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“Fire fighting”: the impact of Canada’s international student growth laid bare

“It has been explosive. It has been explosive for our faculty and our support staff and for the community at large as well,” related Jim Whiteway, director of international education at Loyalist College in Belleville, ONT.

international students CanadaOne college in a rural community said that Indian students accounted for 82% of their international cohort

"Four years ago, we had 40 international students and this January, we will hit 1,000"

Whiteway summed up the talking point of the recent flagship national conference for international educators in Canada – how does an institution best manage explosive growth?

With well publicised statistics showing that nationally, international student numbers were up by 17% in 2017 (and up by 34% since 2014), it was the topic that everyone could bond over.

“Four years ago, we had 40 [international] students and this January, we will hit a thousand,” Whiteway told The PIE News.

His tale of stratospheric growth was not unusual, but it highlights the huge shifts that many Canadian institutions are trying to adapt to as their international student populations have risen to above 30%, above 50% – in one case –  across the campus.

Diversification of student nationalities was the easy win that many educators noted to in workshop-style discussion groups, setting caps in place for each nationality, sometimes for the first time.

Beyond that, many institutions are expanding staffing, especially in student support roles; increasing minimum language level expectations to ensure they are only accepting the best quality of application; and conducting campus-wide conversations about what their approach to international should look like.

“It has been fire fighting, to be quite honest. At this point, it has been fire fighting,” reported Whiteway.

“A lot of it is going back to basics and working with faculty to understand the student [needs]”

Nevertheless, he noted that, given that the position of director, international was only created three years ago within a two-person department, now there are nine people in his department and counting.

“There is still an identified growth [in staffing] that is required and a focus on ‘how do we support the needs that students have’,” said Whiteway. “A lot of it is going back to basics and teaching and reteaching and working with faculty to understand the student [needs].”

He added that with increased revenue: “we are able to build our support systems relative to those increases. So, I have a very free hand in terms of how we grow but that has been done in consultation with the entire community to identify where are the immediate needs and then the vision of where we are going to be in 2,3,5, 10 years.”

At Humber College in Toronto, dean international, Andrew Ness, added, “When I started in the business decades ago, the head of admissions at the university said to me, it takes five times the effort to say no than it does to say yes – and the growth has reminded me of that quote because we have to be so much more deliberate and careful about equity and about fairness and about diversity. Just as a function of this massive demand.”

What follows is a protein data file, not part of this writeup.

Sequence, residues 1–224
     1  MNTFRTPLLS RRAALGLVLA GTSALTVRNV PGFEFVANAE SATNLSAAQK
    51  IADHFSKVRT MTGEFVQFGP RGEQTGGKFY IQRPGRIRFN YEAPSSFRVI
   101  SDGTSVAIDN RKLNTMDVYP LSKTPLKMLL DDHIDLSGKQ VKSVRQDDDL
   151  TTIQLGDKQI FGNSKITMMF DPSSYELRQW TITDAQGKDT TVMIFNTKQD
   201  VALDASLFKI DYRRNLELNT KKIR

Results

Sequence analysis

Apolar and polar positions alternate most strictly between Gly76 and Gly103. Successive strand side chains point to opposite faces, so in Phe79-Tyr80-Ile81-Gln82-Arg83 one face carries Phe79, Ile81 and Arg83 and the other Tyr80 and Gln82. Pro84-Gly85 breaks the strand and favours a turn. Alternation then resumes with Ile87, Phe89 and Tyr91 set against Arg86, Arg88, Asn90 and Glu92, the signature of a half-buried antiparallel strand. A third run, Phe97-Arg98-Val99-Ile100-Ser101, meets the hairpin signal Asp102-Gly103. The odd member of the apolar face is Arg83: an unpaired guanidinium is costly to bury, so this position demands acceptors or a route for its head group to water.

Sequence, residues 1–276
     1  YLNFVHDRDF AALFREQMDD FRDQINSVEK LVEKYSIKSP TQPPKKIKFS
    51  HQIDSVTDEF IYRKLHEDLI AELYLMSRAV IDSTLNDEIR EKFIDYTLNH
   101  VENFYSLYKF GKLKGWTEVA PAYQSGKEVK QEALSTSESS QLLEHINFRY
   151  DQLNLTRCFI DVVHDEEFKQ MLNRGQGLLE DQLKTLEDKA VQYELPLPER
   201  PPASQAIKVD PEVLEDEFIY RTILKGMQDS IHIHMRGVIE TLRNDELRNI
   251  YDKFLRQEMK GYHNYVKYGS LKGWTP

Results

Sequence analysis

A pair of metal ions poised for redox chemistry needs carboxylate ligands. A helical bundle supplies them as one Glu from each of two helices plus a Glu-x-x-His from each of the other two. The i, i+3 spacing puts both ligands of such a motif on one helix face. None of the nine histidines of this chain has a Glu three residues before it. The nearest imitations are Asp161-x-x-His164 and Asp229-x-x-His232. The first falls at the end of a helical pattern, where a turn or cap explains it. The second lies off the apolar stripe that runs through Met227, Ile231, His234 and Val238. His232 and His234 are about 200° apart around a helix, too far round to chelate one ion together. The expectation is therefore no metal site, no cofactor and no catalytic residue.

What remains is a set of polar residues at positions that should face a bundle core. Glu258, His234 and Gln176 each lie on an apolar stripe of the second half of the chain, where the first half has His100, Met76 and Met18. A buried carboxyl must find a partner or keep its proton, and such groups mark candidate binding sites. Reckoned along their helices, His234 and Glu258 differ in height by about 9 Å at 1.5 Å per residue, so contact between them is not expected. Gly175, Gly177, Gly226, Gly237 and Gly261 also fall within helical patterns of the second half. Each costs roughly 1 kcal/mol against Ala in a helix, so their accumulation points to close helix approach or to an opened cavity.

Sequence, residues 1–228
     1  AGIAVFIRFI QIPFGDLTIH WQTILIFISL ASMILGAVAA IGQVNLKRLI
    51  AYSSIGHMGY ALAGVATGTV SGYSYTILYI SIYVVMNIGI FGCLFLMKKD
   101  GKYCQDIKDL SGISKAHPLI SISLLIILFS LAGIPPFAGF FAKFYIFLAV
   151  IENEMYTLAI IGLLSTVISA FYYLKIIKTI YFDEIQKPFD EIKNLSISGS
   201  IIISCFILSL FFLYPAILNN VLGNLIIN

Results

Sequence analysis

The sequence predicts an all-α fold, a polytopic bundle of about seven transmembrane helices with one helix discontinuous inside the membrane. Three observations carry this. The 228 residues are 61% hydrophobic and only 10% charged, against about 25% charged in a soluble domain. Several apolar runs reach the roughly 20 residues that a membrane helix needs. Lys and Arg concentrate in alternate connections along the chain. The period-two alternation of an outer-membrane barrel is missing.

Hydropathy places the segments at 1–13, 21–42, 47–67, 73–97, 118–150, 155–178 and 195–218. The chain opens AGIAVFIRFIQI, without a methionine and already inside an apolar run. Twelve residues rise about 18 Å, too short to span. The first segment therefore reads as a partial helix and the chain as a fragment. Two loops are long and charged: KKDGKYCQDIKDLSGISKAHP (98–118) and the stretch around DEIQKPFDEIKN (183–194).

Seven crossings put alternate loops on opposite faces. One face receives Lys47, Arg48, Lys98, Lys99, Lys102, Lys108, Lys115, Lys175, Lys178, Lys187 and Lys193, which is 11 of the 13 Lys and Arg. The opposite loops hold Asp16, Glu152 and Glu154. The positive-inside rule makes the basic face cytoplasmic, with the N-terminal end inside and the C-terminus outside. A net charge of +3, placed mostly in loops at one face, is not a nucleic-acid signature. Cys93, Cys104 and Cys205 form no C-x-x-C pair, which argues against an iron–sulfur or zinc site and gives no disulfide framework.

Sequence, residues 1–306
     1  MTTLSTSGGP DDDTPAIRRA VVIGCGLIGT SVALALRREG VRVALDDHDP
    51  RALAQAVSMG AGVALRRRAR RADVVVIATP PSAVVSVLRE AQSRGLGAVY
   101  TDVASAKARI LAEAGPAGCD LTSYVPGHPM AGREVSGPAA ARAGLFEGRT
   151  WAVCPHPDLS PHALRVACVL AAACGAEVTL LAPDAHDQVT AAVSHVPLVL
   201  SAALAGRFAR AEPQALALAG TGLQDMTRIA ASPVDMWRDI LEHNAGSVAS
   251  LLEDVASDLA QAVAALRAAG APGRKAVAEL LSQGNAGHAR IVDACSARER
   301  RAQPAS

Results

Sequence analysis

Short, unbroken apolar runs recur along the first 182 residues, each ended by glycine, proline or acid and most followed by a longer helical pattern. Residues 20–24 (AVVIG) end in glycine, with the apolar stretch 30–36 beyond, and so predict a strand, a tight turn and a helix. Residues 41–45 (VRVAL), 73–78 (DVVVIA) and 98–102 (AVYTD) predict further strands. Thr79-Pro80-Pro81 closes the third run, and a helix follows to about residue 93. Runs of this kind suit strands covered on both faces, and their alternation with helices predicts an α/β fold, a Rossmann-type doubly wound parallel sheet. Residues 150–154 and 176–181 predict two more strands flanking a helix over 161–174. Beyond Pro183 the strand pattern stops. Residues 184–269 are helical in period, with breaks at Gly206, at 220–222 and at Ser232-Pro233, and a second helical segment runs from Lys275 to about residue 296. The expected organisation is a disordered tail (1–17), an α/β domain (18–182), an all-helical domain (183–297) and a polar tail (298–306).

He said Humber was tangibly managing the growth via people and process, adding staff, utilising technology better and looking into mission requirements when assessing entry standards along with the need to be “extremely transparent and communicative”.

“I do not think we are doing it as well as we need to yet but we are on a trajectory towards getting there.”

On Vancouver Island on the west coast, Mark Herringer, executive director of international education at North Island College, concurred with many others on the need to set caps.

“As of this week, we have started working with our domestic enrolment team and our international enrolment team to set our targets clear, and to make sure we are setting our enrolments in a way that we can manage our capacity and our ability to serve students properly,” he related.

Several stakeholders mentioned the need to be mindful and supportive of the employment intentions of a large part of the new student cohort, particularly among the Indian student population.

More precise counselling around what plagiarism is and what is expected of a student who is very much self-guided in their studies was another topic discussed, as it is in the latest PIE Review.

“The services were working when we had a smaller number and now they’re not”

Nancy Blain, a counsellor at Georgian College in Barrie, ONT, related that the growth seen at this institution “basically made us stop in our tracks and re-evaluate our services, because the services were working when we had a smaller number and now they’re not”.

She elaborated, ‘It’s hit and miss if we’re getting the numbers that we need for orientation so we have to rethink – we’re actually looking at a different delivery model.”

Finally, engaging local chambers of commerce that represent local businesses and people in the community was another tactic mentioned by more than one delegate, encouraging them to understand what an influx of students can bring, but also considering if they represent diaspora who can build links with newly arrived students.

Whiteway, who said he sat on his local chamber of commerce, commented, “We are providing human resources that were not available in a city of 60,000 people that was not really going anywhere noticeable in terms of growth.”

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